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The New Fama Puzzle Persists

Summary:
In previous posts [1] [2], I described how in data up to the beginning of 2016, the Fama puzzle was overturned for major currencies. One question was whether the change would persist post-crisis and post-Zero Lower Bound (ZLB) exit. The short answer is, so far, yes. This is shown using data from a forthcoming paper w/Jeffrey Frankel (earlier version here), where we demonstrate that the reversal of the Fama regression coefficient holds, including when using forward rate data instead of interest rate data.  First, consider the Fama regression: s+1 – s = α’ + β'(i-i*) + error ε(s+1) is subjective market expectations of the future spot exchange rate (proxied using Currency Forecasters Digest/FT FX forecasts/FXForecasts survey data). Fama regression coefficients are the  β’ is the OLS

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In previous posts [1] [2], I described how in data up to the beginning of 2016, the Fama puzzle was overturned for major currencies. One question was whether the change would persist post-crisis and post-Zero Lower Bound (ZLB) exit. The short answer is, so far, yes.

This is shown using data from a forthcoming paper w/Jeffrey Frankel (earlier version here), where we demonstrate that the reversal of the Fama regression coefficient holds, including when using forward rate data instead of interest rate data.  First, consider the Fama regression:

s+1 – s = α’ + β'(i-i*) + error

ε(s+1) is subjective market expectations of the future spot exchange rate (proxied using Currency Forecasters Digest/FT FX forecasts/FXForecasts survey data).

Fama regression coefficients are the  β’ is the OLS regression coefficient. The estimated β’ for 1986-2008 and 2008M09 -2018M01 are shown in Figures 1 and 2, respectively.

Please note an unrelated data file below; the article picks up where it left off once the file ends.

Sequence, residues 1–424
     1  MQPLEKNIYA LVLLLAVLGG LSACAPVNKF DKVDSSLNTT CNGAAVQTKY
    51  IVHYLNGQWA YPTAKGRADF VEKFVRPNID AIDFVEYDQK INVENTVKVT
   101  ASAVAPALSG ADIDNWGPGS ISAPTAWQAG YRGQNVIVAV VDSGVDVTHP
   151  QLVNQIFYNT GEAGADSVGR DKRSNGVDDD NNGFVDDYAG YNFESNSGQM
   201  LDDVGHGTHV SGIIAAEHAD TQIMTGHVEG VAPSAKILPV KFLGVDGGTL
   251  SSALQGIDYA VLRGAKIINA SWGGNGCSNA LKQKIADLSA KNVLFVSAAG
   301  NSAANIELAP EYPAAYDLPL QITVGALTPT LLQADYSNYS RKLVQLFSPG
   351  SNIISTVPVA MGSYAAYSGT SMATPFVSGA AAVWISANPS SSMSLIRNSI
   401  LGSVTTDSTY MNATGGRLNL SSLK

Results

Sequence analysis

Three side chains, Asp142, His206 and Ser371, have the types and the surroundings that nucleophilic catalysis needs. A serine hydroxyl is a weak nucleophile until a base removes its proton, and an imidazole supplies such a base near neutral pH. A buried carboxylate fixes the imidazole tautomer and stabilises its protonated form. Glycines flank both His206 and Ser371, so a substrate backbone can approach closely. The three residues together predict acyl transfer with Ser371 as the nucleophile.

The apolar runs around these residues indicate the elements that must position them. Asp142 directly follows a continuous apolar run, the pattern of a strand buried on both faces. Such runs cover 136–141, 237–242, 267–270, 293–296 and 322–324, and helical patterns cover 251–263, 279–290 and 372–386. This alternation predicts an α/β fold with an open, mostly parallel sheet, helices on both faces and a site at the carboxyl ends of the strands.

The New Fama Puzzle Persists
Figure 1: Regression coefficient of 3 month annualized ex post depreciation on interest differential, for AUS, CAN, DNK, JPN, NZL, NOR, SWE, CHE, GBR, EUR, HKG, SGP, ZAF, all pre-crisis.

The New Fama Puzzle Persists
Figure 2: Regression coefficient of 3 month annualized ex post depreciation on interest differential, for AUS, CAN, DNK, JPN, NZL, NOR, SWE, CHE, GBR, EUR, HKG, SGP, ZAF, all post-crisis.

These results are robust to starting the post-crisis sample in 2010.

The key finding here, as in Bussiere, Chinn, Ferrara and Heipertz (2018), is that before the crisis, the correlation between ex post depreciation and interest differentials for advanced economies is negative. After the crisis, and during the zero lower bound (ZLB) era, it is positive. There are two non-reversal currencies (which were not included in the BCCH paper): Singapore dollar and South African rand. Note that these are emerging market currencies, and we do not expect to see the same factors and behaviors (neither at or near ZLB).

Currently, I’m at the NBER Summer Institute. Two excellent papers presented this morning in the International Finance & Macro meetings link up with these results, directly (Kalemli-Ozcan and Varela) and indirectly (Lilley, Maggiore, Neiman, and Schreger). For the latter, the question asked in the session is whether the results will persist far into the future (when many interest rates are above the ZLB) is also germane to our results.

(Of course, given how things are going, maybe there’ll be a lot of currencies returning to ZLB…)

Menzie Chinn
He is Professor of Public Affairs and Economics at the University of Wisconsin, Madison

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